Egoic desires, preferences and goals, too, are as diverse in content and quantity as are the numerous people we see around us. Some aspire to become great world leaders. Others desire wealth, or fame, or romantic love. Some people, by contrast, seem to have a profound yearning to know God, and serve their fellow beings with humility, simplicity, deep compassion, and quiet determination. We are all different from one another. Thus, we are all in so many ways unequal in our appearance, our abilities, our preferences, and our desires.
Rather than attempting to lie to ourselves and artificially fly in the face of clearly discernible empirical facts, Sanatana Dharma encourages all human beings to respect each other, honor our differences, and work together in compassion, dignity and harmony, despite our undeniable recognition of all our many differences. Sanatana Dharma (the Eternal Natural Way), thus gives us the empowerment to live in accordance with the natural order of the universe in a manner that is beneficial to all.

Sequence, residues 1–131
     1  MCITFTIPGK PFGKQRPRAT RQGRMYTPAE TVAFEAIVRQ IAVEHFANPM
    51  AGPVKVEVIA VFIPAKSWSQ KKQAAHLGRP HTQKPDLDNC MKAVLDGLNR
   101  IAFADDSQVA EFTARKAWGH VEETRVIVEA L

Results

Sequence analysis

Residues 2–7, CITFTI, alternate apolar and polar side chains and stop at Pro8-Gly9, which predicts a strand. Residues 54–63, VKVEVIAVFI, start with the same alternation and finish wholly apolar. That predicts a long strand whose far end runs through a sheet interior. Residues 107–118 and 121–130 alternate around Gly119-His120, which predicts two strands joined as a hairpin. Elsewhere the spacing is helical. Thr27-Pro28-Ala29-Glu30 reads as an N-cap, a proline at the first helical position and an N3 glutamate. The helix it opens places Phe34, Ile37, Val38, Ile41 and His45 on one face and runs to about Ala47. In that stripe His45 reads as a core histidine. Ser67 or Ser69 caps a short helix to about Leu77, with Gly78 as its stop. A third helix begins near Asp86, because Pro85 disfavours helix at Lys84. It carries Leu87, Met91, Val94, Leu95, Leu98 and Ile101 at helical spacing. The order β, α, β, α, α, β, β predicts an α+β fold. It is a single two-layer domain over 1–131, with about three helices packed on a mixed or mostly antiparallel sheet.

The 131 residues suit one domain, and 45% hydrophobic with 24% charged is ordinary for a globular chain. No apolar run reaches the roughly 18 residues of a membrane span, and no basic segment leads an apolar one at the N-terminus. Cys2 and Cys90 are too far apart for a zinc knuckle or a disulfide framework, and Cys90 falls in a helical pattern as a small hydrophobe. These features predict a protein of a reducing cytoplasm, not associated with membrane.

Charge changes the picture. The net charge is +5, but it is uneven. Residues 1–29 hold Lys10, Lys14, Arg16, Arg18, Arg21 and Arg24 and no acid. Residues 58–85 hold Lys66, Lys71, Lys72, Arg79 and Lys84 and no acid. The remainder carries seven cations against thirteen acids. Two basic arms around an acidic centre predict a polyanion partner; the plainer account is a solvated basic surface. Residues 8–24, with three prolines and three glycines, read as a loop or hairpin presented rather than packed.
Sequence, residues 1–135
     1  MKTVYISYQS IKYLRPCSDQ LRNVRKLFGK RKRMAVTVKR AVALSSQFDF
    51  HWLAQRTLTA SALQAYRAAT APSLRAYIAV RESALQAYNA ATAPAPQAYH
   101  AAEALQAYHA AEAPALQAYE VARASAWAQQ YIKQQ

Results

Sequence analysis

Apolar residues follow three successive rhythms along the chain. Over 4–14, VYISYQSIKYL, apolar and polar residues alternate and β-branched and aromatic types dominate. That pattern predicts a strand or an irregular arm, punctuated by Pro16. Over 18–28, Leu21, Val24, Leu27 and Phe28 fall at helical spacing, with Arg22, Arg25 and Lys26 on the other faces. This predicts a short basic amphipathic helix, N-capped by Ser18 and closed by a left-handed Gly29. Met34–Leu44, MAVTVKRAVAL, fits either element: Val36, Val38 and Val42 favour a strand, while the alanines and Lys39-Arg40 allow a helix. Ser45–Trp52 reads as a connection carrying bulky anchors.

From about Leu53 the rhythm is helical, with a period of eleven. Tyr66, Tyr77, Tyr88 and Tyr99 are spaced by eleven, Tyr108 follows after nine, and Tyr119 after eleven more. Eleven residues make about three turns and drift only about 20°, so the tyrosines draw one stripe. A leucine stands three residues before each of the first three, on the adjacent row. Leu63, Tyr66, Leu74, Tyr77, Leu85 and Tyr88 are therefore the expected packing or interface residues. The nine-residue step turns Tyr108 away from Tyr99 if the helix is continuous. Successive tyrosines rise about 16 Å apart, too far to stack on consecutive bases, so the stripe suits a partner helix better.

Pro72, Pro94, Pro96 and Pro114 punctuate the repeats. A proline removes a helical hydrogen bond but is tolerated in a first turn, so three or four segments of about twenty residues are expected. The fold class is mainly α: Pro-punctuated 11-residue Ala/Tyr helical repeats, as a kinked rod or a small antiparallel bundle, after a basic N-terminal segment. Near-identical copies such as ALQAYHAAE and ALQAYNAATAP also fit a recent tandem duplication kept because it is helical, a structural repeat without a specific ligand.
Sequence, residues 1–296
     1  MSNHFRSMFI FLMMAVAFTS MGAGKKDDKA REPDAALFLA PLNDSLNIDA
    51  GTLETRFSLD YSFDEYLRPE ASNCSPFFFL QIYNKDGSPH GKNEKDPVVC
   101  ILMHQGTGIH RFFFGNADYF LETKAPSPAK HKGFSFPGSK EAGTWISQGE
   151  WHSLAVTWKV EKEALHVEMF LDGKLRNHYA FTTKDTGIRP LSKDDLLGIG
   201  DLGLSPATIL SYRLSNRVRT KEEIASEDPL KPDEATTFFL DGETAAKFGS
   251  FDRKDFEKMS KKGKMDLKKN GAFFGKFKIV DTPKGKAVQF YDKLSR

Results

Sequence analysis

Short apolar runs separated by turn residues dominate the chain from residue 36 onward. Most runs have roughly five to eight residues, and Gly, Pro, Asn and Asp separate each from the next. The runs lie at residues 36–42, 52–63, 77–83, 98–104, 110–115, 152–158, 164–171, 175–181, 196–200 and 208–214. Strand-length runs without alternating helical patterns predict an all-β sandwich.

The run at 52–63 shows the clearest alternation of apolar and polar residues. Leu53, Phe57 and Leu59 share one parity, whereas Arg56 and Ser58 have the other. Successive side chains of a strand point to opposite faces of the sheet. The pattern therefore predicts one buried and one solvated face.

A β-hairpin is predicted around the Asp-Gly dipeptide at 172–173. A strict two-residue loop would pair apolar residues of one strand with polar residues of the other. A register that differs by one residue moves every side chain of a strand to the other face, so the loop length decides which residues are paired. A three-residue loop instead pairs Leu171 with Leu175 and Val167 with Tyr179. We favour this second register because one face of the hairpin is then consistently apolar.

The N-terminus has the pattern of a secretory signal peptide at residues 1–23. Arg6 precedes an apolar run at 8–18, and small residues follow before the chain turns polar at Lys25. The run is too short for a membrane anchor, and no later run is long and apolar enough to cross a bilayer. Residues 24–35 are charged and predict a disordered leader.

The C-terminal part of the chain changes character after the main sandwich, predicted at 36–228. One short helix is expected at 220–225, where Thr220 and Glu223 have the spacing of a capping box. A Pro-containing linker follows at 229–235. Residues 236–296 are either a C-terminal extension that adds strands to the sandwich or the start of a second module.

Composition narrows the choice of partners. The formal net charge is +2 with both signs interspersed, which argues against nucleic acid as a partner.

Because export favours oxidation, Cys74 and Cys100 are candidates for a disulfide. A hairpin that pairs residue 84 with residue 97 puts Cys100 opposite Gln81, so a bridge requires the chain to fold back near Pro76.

For Dharma, the realm of true equality lies not on the physical, mental, intellectual, or egoic planes, but in the realm of spirit. Having God as our sole source, sustainer, and ultimate destiny, we all share in the same spiritual parent. From a spiritual perspective, then, in the deepest essence of who we are as pure spiritual beings (atman), we are all equally the children of God.
Your true, spiritual self (atman) does not have color, nor dimension, nor race, nor class, nor gender. In spirit, you are neither a capitalist, nor a communist. You are neither Indian, nor Black, nor White nor Latin. Rather, your true self is the eternal, perfect, blissful spiritual center of your everyday existence: Atman.